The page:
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Latest commit d67c77d Nov 6, 2018

Node Function Invoker Build Status Greenkeeper badge


The node function invoker provides a host for functions consisting of a single NodeJS module. It accepts HTTP requests, invokes the function for each request, and sends the function's output to the HTTP response.



The following tools are required to build this project:

  • node 10

Get the source

git clone
cd node-function-invoker
  • To install dependencies:

    npm ci
  • To run tests:

    npm test


At runtime, the node function invoker will require() the target function module. This module must export the function to invoke.

// square
module.exports = x => x ** 2;

The first argument is the triggering message's payload and the returned value is the resulting message's payload.


Asynchronous work can be completed by defining either an async function or by returning a Promise.

// async
module.exports = async x => x ** 2;

// promise
module.exports = x => Promise.resolve(x ** 2);

Streams (experimental)

Streaming functions can be created by setting the $interactionModel property on the function to node-streams. The function will then be invoked with two arguments, an input Readable Stream and an output Writeable Stream. Both streams are object streams. Any value returned by the function is ignored, new messages must be written to the output stream.

// echo.js
module.exports = (input, output) => {
module.exports.$interactionModel = "node-streams";

Any npm package that works with Node Streams can be used.

// upperCase.js
const miss = require("mississippi");

const upperCaser = miss.through.obj((chunk, enc, cb) => {
  cb(null, chunk.toUpperCase());

module.exports = (input, output) => {
module.exports.$interactionModel = "node-streams";

The Content-Type for output messages can be set with the $defaultContentType property. By default, text/plain is used. For request-reply function, the Accept header is used, however, there is no Accept header in a stream.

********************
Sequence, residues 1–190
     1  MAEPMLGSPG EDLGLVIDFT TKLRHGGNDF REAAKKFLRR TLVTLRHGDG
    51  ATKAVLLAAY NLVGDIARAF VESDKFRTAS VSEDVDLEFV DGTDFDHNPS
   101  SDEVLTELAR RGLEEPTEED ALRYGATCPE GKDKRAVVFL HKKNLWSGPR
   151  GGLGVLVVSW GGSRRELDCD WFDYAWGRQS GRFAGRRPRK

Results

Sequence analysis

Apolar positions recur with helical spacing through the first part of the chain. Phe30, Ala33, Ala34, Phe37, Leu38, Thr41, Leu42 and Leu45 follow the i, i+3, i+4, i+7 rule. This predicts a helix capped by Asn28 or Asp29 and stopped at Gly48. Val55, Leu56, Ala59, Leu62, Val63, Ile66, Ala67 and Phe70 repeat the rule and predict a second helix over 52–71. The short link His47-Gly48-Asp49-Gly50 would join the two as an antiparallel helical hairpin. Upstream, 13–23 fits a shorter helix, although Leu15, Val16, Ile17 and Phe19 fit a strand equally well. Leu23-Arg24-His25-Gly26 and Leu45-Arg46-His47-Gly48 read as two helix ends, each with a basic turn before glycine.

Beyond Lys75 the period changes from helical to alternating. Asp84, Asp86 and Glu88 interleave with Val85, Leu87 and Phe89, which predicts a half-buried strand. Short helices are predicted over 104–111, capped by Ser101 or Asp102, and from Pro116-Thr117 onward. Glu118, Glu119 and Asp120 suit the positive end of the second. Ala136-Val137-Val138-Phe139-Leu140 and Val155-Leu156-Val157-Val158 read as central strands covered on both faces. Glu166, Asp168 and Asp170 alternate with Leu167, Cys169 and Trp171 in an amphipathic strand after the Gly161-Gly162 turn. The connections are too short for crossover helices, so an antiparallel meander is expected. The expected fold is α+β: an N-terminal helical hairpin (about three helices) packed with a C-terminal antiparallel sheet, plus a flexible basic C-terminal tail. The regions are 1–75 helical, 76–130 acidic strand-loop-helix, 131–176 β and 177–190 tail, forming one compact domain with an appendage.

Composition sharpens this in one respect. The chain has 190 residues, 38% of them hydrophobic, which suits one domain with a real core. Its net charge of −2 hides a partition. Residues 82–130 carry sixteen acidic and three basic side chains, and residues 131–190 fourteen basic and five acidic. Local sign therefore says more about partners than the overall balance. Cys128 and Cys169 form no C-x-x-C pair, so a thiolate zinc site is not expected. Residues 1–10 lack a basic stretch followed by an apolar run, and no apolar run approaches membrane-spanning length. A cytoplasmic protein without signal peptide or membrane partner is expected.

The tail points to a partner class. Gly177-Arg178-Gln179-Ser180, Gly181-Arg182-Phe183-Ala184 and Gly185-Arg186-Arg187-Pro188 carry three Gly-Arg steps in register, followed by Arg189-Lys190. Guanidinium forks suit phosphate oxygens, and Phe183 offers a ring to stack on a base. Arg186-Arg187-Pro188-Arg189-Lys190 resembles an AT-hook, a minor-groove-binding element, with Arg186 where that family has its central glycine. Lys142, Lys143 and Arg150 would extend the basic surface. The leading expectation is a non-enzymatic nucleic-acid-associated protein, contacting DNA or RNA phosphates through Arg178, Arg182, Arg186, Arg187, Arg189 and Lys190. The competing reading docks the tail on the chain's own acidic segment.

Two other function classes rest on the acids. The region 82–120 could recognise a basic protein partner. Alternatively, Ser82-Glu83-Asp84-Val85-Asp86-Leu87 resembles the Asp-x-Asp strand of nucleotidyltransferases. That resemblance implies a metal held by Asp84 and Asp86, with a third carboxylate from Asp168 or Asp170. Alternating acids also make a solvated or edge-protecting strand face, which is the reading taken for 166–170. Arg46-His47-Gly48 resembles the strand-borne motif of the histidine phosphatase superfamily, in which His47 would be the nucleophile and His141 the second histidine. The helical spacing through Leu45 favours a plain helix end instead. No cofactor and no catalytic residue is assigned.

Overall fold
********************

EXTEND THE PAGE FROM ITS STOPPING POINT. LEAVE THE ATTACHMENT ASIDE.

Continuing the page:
// greeter.js
const miss = require("mississippi");

const greeter = miss.through.obj((chunk, enc, cb) => {
  cb(null, {
    greeting: `Hello ${chunk}!`

module.exports = (input, output) => {
module.exports.$interactionModel = "node-streams";
module.exports.$defaultContentType = "application/json";

Messages vs Payloads

By default, functions accept and produce payloads. Functions that need to interact with headers can instead opt to receive and/or produce messages. A message is an object that contains both headers and a payload. Message headers are a map with case-insensitive keys and multiple string values.

Since JavaScript and Node have no built-in type for messages or headers, riff uses the @projectriff/message npm module. To use messages, functions should install the @projectriff/message package:

npm install --save @projectriff/message

Receiving messages

const { Message } = require('@projectriff/message');

// a function that accepts a message, which is an instance of Message
module.exports = message => {
    const authorization = message.headers.getValue('Authorization');

// tell the invoker the function wants to receive messages
module.exports.$argumentType = 'message';

// tell the invoker to produce this particular type of message

Producing messages

const { Message } = require("@projectriff/message");

const instanceId = Math.round(Math.random() * 10000);
let invocationCount = 0;

// a function that produces a Message
module.exports = name => {
  return Message.builder()
    .addHeader("X-Riff-Instance", instanceId)
    .addHeader("X-Riff-Count", invocationCount++)
    .payload(`Hello ${name}!`)

// even if the function receives payloads, it can still produce a message
module.exports.$argumentType = "payload";


Functions that communicate with external services, like a database, can use the $init and $destroy lifecycle hooks on the function. These methods are invoked once per function invoker instance, whereas the target function may be invoked multiple times within a single function invoker instance.

The $init method is guarenteed to finish before the main function is invoked. The $destroy method is guarenteed to be invoked after all of the main functions are finsished.

let client;

// function
module.exports = async ({ key, amount }) => {
  return await client.incrby(key, amount);

// setup
module.exports.$init = async () => {
  const Redis = require("redis-promise");
  client = new Redis();
  await client.connect();

// cleanup
module.exports.$destroy = async () => {
  await client.quit();

The lifecycle methods are optional, and should only be implemented when needed. The hooks may be either traditional or async functions. Lifecycle functions have up to 10 seconds to complete their work, or the function invoker will abort.